The Cambrian

Move of historic schoolhouse to a public park in Cambria a race against the clock

The historic Santa Rosa Schoolhouse, foreground, could be moved to a new site in Cambria.
The historic Santa Rosa Schoolhouse, foreground, could be moved to a new site in Cambria.

The Cambria Historical Society has made a big step toward moving the circa 1881 one-room Santa Rosa Schoolhouse building from its present, privately owned location. The move that would keep the tiny historical structure publicly available, but the journey from there to completion is apt to be laborious and expensive.

A recently signed agreement between the society and the Cambria Community Services District allows the historical group’s officials and consultants to go onto a district-owned property at the creek end of Bridge Street.

The entities are racing the calendar.

If the schoolhouse structure is not relocated in a year, ownership reverts to Poly Pro Window & Door, owner of the property at 870 Main St. The tiny structure was moved there from the banks of Santa Rosa Creek in 1965, according to a historical society report written in 1998 by docent Mary Cole.

Allied Arts Association leased the schoolhouse for decades and used it as a gallery.

According to historical society Board President John Ehlers, they’ll be doing “due diligence” surveys, testing, measuring and making sure the property around the corner from the post office is stable enough to support the schoolhouse.

The CSD’s offices used to be on that lot, but heavy rainfall years ago undermined the building, which was deemed unsafe after it cracked, shifted and sank into the muck. It was demolished in 2003. A collapsing underground culvert proved to be the culprit; the county and district eventually fixed the problem with a new 5-foot-tall drainage pipe.

The Bridge Street property has been functioning as a casual pocket park, but it has also become a gathering spot for homeless.

How the society would compensate CSD hasn’t been finalized. At the Jan. 17 board meeting, district directors seemed to lean toward the option of a 99-year, $1-per-year, renewable philanthropic lease.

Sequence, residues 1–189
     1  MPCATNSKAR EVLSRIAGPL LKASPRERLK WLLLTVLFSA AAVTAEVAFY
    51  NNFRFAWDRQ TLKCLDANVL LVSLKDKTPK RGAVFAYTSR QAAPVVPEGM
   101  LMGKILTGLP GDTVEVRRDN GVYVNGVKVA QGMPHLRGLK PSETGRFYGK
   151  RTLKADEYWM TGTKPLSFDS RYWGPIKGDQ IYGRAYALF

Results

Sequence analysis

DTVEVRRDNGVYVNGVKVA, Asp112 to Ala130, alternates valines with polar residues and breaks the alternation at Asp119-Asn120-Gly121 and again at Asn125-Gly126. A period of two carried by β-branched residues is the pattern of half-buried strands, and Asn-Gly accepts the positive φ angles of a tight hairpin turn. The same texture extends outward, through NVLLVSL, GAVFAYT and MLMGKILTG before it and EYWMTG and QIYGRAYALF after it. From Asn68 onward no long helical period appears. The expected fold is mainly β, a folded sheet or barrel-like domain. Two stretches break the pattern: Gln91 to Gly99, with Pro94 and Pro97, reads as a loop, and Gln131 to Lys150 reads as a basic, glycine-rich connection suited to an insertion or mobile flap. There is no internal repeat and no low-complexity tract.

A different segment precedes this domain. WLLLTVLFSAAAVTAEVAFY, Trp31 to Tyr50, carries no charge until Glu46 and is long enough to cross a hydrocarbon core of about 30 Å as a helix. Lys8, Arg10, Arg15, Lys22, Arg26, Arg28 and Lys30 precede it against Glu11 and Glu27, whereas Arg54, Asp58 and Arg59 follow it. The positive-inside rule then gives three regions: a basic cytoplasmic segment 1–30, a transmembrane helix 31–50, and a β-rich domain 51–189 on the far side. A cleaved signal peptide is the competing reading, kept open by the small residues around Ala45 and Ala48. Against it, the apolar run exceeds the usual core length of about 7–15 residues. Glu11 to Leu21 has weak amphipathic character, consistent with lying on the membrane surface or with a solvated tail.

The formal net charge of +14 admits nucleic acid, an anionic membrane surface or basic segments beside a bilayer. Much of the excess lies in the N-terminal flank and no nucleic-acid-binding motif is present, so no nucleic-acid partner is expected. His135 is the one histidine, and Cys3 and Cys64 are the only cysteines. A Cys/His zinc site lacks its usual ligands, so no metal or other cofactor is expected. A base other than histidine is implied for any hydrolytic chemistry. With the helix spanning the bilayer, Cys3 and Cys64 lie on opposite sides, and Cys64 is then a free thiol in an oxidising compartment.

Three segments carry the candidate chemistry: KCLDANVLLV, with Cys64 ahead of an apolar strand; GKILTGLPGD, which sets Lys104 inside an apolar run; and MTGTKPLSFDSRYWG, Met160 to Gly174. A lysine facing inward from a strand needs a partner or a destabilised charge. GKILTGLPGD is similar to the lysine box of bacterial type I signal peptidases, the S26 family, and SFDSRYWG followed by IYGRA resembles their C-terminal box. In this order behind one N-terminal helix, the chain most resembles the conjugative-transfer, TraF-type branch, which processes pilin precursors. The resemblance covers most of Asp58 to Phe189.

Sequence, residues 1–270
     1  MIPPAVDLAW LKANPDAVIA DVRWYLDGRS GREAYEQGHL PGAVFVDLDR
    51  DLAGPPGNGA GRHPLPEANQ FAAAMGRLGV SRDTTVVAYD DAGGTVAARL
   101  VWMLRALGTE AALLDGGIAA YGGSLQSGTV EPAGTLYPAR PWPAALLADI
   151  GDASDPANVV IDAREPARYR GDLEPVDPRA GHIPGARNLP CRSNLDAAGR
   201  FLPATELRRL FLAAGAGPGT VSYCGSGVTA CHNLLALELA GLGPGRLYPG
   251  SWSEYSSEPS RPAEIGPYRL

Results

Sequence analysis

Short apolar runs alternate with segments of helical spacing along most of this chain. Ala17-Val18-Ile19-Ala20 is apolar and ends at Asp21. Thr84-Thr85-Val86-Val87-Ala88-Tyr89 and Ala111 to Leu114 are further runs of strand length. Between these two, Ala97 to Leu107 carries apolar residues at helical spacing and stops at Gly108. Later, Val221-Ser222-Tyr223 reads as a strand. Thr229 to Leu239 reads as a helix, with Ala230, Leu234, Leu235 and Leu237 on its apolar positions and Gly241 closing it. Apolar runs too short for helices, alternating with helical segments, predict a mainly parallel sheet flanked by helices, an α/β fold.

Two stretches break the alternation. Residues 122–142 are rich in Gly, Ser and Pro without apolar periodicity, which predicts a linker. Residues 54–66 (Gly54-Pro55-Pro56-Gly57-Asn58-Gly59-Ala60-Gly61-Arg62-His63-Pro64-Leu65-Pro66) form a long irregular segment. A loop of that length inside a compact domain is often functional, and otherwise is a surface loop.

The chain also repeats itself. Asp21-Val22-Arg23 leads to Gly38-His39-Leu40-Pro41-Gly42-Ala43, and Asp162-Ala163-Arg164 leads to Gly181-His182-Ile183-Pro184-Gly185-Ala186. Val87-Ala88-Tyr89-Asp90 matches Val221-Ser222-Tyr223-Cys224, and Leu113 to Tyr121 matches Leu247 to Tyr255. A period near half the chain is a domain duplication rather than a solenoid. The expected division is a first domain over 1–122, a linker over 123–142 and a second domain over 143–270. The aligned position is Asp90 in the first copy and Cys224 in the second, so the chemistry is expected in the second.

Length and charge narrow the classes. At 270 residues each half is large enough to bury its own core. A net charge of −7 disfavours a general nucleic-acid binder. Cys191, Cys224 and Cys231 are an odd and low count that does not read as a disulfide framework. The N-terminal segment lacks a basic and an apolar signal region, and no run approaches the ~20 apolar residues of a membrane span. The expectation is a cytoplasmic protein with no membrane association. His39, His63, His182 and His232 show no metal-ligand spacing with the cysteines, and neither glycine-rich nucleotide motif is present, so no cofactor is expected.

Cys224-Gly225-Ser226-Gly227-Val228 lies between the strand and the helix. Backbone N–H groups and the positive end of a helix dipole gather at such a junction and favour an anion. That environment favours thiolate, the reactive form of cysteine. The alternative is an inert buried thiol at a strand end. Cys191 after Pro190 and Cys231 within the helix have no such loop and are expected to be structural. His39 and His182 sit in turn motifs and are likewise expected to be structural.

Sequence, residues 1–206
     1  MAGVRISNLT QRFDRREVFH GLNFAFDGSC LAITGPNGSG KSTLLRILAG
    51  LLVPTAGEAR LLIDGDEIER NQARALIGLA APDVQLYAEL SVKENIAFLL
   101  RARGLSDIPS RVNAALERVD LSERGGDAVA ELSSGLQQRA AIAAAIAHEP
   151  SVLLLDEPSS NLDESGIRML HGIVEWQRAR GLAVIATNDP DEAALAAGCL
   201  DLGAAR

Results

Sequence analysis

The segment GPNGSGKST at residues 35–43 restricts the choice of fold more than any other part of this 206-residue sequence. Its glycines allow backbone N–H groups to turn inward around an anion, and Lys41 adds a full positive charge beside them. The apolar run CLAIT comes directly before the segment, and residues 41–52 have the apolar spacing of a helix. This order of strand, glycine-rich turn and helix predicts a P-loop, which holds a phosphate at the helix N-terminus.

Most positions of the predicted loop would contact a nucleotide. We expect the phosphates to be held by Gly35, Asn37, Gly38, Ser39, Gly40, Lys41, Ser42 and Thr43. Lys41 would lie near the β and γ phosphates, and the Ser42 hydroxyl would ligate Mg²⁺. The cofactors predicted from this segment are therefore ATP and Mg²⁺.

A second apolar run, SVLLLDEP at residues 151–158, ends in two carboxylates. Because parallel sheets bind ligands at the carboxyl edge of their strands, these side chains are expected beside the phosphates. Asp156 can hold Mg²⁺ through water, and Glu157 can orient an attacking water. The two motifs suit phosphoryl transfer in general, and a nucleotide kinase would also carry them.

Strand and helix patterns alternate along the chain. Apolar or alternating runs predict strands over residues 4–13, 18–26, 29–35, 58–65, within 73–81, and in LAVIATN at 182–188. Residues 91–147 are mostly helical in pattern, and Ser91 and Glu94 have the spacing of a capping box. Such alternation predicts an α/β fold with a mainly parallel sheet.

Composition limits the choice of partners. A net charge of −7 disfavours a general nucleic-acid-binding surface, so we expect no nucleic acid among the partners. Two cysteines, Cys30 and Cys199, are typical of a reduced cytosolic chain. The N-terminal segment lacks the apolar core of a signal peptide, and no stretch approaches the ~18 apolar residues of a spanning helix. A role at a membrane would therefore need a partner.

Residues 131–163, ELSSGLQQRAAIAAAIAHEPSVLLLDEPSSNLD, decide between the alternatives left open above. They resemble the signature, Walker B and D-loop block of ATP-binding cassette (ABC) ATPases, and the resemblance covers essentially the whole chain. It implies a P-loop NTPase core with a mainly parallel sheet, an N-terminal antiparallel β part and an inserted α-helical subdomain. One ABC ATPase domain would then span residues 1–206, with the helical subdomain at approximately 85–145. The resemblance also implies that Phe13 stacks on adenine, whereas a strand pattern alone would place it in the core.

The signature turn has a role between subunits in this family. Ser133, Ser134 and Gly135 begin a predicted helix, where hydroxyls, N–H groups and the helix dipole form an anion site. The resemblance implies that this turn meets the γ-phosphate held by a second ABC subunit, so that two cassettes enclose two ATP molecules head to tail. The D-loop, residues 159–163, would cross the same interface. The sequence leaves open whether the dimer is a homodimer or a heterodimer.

If tests and studies prove the concept will work, and the proposal gets a county permit, the schoolhouse would be available for “youth and family historical activities programs in the schoolhouse and garden … opening both to visitors.”

Ehlers told the CSD board that the primary use of the building would be for historical tours and interactive programs for school children brought into the area by bus. And it would further a long-held dream of an East Village Historic Park District.

Not everybody is enchanted with the Bridge Street heritage park concept. Some say putting the schoolhouse on the district’s property there would make an already parking-snarled area even more congested.

Others say they prefer the Main Street site of the former dog park, at the intersection with Santa Rosa Creek Road and across from Fog’s End Bed and Breakfast. They say putting the schoolhouse there would create a welcoming entrance to Cambria from the south and would free up parking at the post office area.

Ehlers said the dog-park site “would be very, very difficult for us, not only because of the distance from the rest of our facilities,” such as the Cambria Historical Museum at Burton Drive and Center Street and the Maggetti House next door, but also because expensive improvements would be needed. “There are no public restrooms in the area, we’d have to put in water and sewer hookups and a road,” he said.

“Our job is to do the best job we can for the community,” he added. “Everybody has a perspective, and I respect that... there are a larger number of folks who really want it in the pocket park.”

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